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Wheeler & Wilson Sewing Machines
A young Allen B Wilson constructed his first practical sewing machine in 1850, using a rotary hook mechanism. It worked very simply and very quietly. Turning the hand crank caused the bobbin to rotate in circles and during each revolution a hook picked up the top thread from the needle and twisted it with the thread from the bobbin to produce a stitch.
During an exhibition in New York, Wilson was introduced to the older Nathaniel Wheeler, who was at the time manager of the firm Warren, Wheeler and Woodruff of Watertown, Connecticut. They formed a partnership under the name of The Wheeler, Wilson Company to manufacture Wilson’s sewing machines. In 1853 the name was changed to the Wheeler & Wilson Manufacturing Company and a few years later it moved to a new factory in Bridgeport, Connecticut.
To start with production was slow, however by the early years of the 1860’s it had increased from 20,000 to 30,000 and then 50,000 machines, peaking a decade later at over 128,000 per year. The company produced several models targeting specialist industrial work. As the Wheeler and Wilson Company launched new models, they issued them with numbers rather than names, clearly visible on the pillar. When the company changed from manufacturing machines with curved needles to new straight needle models they re-numbered the models. However some of the numbers were repeated i.e. the old machine model known as No. 5 became the new No.2.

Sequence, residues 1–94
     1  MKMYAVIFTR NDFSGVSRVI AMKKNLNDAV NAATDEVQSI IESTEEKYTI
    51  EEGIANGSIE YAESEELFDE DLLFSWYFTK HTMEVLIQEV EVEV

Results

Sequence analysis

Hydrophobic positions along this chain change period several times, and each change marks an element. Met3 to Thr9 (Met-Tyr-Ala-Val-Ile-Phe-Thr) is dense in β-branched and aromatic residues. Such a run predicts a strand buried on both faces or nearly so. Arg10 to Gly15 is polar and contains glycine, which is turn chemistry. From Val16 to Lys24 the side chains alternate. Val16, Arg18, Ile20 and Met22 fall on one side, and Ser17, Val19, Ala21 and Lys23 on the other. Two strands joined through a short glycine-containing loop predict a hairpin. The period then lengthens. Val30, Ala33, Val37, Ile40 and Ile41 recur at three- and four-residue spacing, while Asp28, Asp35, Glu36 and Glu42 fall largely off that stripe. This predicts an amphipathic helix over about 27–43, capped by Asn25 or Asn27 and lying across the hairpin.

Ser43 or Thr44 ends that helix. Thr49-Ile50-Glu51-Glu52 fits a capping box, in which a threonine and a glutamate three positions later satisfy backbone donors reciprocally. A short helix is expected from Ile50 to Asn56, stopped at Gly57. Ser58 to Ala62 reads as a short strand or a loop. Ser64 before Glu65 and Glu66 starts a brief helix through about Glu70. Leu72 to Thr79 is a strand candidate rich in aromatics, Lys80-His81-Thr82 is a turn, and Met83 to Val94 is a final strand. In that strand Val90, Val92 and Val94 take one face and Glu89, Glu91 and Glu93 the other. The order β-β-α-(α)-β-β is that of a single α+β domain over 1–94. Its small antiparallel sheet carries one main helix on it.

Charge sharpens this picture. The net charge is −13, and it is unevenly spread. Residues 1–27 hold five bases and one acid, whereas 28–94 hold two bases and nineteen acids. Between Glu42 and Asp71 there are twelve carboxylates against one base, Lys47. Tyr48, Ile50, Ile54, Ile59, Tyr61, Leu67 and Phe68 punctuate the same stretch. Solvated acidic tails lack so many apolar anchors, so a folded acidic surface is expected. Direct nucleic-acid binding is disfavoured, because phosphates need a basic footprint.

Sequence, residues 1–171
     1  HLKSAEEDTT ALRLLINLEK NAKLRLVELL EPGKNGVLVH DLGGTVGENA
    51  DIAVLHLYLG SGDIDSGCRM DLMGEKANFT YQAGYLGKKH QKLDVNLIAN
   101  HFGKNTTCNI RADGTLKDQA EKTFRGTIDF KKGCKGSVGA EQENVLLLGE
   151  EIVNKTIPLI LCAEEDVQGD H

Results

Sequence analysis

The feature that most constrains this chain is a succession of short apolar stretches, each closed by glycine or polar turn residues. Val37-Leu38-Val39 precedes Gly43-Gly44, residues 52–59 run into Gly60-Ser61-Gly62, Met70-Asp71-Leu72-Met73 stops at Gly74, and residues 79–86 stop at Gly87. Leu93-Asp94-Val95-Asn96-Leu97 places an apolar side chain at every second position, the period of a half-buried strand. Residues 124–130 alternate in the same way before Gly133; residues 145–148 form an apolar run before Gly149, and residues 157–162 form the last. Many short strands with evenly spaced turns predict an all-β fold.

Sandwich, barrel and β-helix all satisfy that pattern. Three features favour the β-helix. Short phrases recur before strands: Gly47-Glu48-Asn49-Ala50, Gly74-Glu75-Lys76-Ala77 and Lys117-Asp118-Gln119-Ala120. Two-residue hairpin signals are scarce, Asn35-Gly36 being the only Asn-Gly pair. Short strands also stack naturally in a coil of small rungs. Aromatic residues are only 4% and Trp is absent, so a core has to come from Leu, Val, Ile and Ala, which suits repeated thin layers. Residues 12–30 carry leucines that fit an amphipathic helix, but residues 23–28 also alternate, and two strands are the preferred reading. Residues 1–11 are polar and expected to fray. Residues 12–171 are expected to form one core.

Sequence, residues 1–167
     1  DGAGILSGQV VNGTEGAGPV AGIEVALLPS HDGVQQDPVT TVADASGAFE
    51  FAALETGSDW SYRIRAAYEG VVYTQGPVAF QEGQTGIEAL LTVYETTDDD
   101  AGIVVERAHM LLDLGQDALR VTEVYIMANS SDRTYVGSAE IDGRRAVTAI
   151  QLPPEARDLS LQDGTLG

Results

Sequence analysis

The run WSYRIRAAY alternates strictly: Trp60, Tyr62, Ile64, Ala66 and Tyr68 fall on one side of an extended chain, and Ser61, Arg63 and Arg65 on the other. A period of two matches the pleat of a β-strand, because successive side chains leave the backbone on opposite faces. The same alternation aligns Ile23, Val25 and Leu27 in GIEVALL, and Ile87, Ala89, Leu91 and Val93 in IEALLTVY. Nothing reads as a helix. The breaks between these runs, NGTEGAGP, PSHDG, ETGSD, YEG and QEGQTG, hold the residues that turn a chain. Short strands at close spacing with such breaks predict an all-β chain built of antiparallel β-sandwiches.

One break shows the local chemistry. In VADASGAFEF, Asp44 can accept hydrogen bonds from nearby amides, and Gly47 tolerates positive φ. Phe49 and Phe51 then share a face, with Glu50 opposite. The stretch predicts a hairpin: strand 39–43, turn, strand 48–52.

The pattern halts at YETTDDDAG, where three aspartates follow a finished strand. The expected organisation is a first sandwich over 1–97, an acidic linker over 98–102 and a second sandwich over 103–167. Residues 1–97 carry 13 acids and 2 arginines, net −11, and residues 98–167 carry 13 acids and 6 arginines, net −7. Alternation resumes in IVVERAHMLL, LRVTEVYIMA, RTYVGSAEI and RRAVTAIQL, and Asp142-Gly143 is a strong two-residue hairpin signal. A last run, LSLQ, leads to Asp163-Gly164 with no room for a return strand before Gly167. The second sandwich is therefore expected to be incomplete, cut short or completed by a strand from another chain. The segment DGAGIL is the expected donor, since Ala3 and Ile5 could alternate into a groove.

The Wheeler and Wilson Company won several Prize Medals for their machines. These included the Industrial Exposition in Paris in 1861, the International Exhibition in London a year later and the Exposition Universalle in Paris in 1868, 1878 and 1889.
A London office was opened in 1859, at 13 Finsbury Place, followed a few years later by offices and showrooms in Regents Street. The Head Office was at Queen Victoria Street, London E.C. and by the 1880’s there were 26 other branches scattered around Britain. At the end of the century the UK Head Office was at 11 to 21 Paul Street, Finsbury, London.
With the decline in machine productions numbers, the Wheeler and Wilson Company was taken over by the Singer Manufacturing Company in 1905. Singer continued to manufacture the No.9 model, badging it as a Singer until after 1912..